India: Is Karnataka state’s free education for girls as progressive as it seems?

India: Is Karnataka state's free education for girls as progressive as it seems?
Karnataka has announced girls will now have free education - but will society structures continue to hold girls back? Source:

Karnataka, a southwest state in India, has announced it will provide free education for girls from kindergarten to postgraduate level, in a bid to raise women’s place in society.

The initiative is estimated to encourage 370,000 girls to gain a high level of education, according to Your Story.

In a country where gender discrimination remains pervasive and entrenched, promoting education for women is seen as essential as it can empower and socially mobilise them. According to a Unicef report on infant mortality, from the moment of birth, girls in India are socially more vulnerable than elsewhere in the world.

“[Baby] girls have the advantage of being biologically stronger, yet sadly they are extremely vulnerable socially. The discrimination begins even before they are born,” Unicef India representative Yasmin Ali Haque said in a statement to Kuwait Times.

Moving into adulthood, women currently make up only 26 percent of the workforce, according to Hindustan Times.

Through free education, women can gain employable skills and improve their place in society.

“The scheme is actually derived from the realisation of social reality. A large number of people in India are living in poverty and they have many children,” Empower People founder Shafiqur Rahman Khan told Study International.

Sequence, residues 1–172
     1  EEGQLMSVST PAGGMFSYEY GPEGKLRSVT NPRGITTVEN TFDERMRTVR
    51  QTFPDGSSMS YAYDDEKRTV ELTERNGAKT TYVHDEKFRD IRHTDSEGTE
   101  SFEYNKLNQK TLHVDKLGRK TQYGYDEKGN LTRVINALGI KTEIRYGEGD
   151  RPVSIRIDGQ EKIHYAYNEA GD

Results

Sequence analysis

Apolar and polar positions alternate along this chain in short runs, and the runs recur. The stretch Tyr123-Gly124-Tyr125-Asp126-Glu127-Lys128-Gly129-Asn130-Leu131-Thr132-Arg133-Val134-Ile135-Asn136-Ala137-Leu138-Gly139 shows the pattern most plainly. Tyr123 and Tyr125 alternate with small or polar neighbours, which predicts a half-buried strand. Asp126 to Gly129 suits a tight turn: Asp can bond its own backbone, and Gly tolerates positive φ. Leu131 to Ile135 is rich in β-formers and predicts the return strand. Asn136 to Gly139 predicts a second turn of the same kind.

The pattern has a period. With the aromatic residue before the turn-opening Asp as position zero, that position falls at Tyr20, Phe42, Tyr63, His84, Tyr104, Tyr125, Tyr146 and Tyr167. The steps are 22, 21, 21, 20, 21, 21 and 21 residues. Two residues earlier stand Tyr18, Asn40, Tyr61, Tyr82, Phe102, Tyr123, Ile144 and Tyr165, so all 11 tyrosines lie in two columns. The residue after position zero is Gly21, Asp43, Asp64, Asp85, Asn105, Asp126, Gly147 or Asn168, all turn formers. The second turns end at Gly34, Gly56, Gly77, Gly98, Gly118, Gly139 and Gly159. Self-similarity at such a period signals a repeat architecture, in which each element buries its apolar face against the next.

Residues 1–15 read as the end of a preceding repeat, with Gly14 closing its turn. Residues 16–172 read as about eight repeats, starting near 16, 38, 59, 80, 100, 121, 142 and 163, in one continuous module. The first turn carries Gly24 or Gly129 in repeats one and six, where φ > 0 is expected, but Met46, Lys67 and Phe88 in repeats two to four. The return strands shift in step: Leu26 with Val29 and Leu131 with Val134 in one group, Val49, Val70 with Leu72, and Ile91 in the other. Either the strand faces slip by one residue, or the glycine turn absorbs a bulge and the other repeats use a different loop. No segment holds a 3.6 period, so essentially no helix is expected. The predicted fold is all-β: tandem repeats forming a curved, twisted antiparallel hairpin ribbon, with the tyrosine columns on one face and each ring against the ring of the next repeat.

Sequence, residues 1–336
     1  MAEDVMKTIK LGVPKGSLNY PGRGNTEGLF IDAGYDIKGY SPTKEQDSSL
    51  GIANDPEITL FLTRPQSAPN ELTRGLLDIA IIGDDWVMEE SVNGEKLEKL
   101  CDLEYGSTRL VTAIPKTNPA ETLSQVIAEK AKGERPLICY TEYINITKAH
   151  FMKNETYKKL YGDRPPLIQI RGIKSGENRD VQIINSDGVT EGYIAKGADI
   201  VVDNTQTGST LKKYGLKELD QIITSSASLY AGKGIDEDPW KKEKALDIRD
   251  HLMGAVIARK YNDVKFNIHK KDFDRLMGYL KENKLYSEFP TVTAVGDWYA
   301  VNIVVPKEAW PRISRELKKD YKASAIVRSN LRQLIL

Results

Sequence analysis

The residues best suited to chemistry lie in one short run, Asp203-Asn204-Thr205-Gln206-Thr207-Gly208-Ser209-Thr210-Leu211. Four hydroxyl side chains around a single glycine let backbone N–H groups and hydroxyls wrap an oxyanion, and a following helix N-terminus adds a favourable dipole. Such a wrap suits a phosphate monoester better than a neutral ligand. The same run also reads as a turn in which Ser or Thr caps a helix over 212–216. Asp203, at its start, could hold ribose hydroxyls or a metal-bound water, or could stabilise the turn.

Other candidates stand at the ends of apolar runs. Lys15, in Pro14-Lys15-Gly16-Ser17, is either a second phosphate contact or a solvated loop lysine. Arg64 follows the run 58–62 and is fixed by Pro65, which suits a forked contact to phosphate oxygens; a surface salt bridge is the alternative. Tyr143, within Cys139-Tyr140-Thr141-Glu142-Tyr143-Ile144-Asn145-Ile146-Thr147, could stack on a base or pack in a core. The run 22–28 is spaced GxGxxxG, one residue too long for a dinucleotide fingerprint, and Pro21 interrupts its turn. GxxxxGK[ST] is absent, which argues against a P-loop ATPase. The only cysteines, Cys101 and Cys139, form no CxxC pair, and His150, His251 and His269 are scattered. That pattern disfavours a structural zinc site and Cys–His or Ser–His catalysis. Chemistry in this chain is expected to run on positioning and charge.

“In this situation, they usually cannot afford education for all of their children, so people often focus on education of boys but not the girls.”

“Educated girls would challenge these stereotypes based on not only gender but also on religious identity or caste and class identity. An equal society can’t be imagined without the participation of girls from different classes,” she added.

However, only parents who have one daughter will be offered completely free education from kindergarten to postgraduate level. Families with two children will only receive half the funding for each child.

Families living in poverty often send their daughters to work to help the family pay for living costs, Dewali Deb, a teacher in India, explains to Study International. The bigger the family, the more expensive is to provide for them.

Widespread poverty in India creates a culture where daughters have a financial responsibility to help provide for the family; however, they are not gaining crucial skills for well-paid employment they would learn at school.

Although offering free education to all girls is a step in the right direction, Deb thinks family and societal attitudes need to change for the initiative to have maximum impact on women empowerment.

“Although the initiative seems progressive on paper, there are several barriers to its success,” said Deb.

“The scheme promotes female education which will help raise the status of women in the country. This should liberate women in their personal life choices, which will allow social, family and community attitudes towards women to change.”

However, deep-rooted discrimination against women in the family and society may limit the potential of education on the road to empowerment.

“Educating girls in the way Karnataka is [doing] could be a bad investment. Parents are not investing in girls emotionally or financially, due to a lack of representation in the job market,” added Deb.

“Girls are [generally] not cared for within the family even though she shares the workload with her parents. Discrimination against women does not only exist in society but within Indian family structures as well.

“Therefore women need to start a movement by themselves for themselves. They need to act fearlessly. By receiving a good education, having a good profession, becoming the owner of property women can maximise their freedom of choice for themselves,” she concluded.

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